Harris described robocall scams as a “volume business.”

“There are scammers who are just casting this very wide net, and they’re hoping that they’re going to find someone who responds to that scam,” Harris said. “They’re putting out so many that even if they only get a small percentage of people to respond, they still get a fairly decent haul out of the whole thing.”

Harris said scammers hope you hear something in the robocall that will make you stay on the line to talk with a live person or to call back the number they give you in the body of the robocall.

“Then you get on with the live scammer who then paints this picture for you about something that’s going to happen that’s dire, and usually you get pretty panicked about it,” Harris said. That’s when the scammer “just gives you this solution that sounds like it’s going to make everything go away, and that’s what we don’t want people to do.”

“What we really want people to do at that point is hang up the phone and think, ‘How can I confirm if I’m in a program with an agency and they just called me and it doesn’t sound right? It’s not the person I ordinarily speak to. Who can I contact? What’s my regular way of contacting that agency? How can I call them? How can I verify?’” Harris said.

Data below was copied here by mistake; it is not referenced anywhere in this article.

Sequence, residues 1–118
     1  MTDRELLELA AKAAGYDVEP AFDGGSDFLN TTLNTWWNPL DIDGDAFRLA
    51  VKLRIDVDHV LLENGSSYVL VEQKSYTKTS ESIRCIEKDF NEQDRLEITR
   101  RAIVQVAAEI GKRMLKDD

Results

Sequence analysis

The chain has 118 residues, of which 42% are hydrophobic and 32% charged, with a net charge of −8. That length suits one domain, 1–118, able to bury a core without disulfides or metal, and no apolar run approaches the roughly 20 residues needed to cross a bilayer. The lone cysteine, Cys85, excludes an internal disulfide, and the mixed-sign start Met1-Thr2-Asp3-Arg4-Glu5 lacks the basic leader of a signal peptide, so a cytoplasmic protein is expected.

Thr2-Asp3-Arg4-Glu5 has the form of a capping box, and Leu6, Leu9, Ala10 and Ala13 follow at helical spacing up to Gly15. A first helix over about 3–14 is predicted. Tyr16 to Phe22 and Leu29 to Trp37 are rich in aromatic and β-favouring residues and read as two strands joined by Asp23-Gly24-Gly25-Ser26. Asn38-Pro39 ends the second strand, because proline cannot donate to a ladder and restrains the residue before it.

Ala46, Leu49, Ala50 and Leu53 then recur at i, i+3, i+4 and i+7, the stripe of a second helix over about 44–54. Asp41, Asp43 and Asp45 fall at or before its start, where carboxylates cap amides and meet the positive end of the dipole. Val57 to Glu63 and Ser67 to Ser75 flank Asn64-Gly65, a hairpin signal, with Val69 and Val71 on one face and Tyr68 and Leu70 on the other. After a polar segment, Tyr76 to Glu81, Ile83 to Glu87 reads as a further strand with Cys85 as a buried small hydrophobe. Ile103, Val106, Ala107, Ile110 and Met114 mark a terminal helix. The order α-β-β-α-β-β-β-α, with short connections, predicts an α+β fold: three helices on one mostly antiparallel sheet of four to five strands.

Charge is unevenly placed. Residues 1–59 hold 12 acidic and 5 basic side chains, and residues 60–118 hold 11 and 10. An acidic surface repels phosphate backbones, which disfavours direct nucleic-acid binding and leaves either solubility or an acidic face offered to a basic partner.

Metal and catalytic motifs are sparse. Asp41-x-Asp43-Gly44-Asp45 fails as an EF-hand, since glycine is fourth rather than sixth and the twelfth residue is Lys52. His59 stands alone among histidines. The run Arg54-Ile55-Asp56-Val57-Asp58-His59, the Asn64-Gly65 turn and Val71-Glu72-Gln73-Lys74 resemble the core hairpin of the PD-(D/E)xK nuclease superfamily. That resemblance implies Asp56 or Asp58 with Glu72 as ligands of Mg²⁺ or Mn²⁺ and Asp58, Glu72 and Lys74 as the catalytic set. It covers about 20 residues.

Harris noted that many people who do send funds or give information to scammers are often “in the middle of some big, major thing in their lives at that time. They have an illness. They’re worried about a family member who’s ill. They’ve got a money crunch going on. They’re just pressed for time. People are pulling at them all different ways and this is a problem they didn’t need.”

Those who find themselves wrapped up in a scam are from all walks of life, Harris said, all ages and income levels.

“Please note that you’re not alone,” Harris said.

How to report scam calls

If you’ve received a scam call like this, both Monaco and Harris urge everyone to report it. Monaco said while it isn’t a guarantee, the OIG’s investigations have often been successful at getting back money people have lost to scammers.

“Probably the first thing that you’d want to do, though, is to file a police report, a local police report,” Monaco said. “We’re a federal law enforcement agency. Not a whole lot we can do right away. Our investigations take a while, but you know, getting a police report is the first thing. Get it documented and then working with your bank.”

Harris also encouraged people to contact local police.

“They’ve heard everything,” Harris said of local police. “And if you are scared in that moment and we’re not available, please call your local police because they can at least put your mind at rest, and then we’d still like you to call us to report the scam.”

To report scams to the OIG at the SSA, click here.

In Cuyahoga County, report a scam to the Scam Squad at (216) 443-SCAM (7226) or online at this link.

You can also report scam calls to the Federal Trade Commission here.